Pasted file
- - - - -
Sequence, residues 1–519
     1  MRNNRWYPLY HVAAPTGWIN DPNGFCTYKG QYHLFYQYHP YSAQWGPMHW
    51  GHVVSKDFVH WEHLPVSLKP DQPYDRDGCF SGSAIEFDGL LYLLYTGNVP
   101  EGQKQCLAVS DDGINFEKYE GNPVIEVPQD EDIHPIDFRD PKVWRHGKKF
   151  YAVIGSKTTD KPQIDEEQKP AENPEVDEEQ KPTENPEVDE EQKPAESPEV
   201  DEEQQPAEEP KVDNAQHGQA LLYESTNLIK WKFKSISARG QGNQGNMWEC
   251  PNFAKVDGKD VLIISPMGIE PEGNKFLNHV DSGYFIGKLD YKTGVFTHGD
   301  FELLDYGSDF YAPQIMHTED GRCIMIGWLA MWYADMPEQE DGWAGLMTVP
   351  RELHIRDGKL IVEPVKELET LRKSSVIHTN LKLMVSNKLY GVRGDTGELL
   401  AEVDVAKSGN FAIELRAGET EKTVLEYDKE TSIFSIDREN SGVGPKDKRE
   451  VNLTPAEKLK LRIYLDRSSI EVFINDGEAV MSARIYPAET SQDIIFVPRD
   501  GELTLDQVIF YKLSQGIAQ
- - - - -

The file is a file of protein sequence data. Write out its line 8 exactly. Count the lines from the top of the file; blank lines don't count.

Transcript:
   301  FELLDYGSDF YAPQIMHTED GRCIMIGWLA MWYADMPEQE DGWAGLMTVP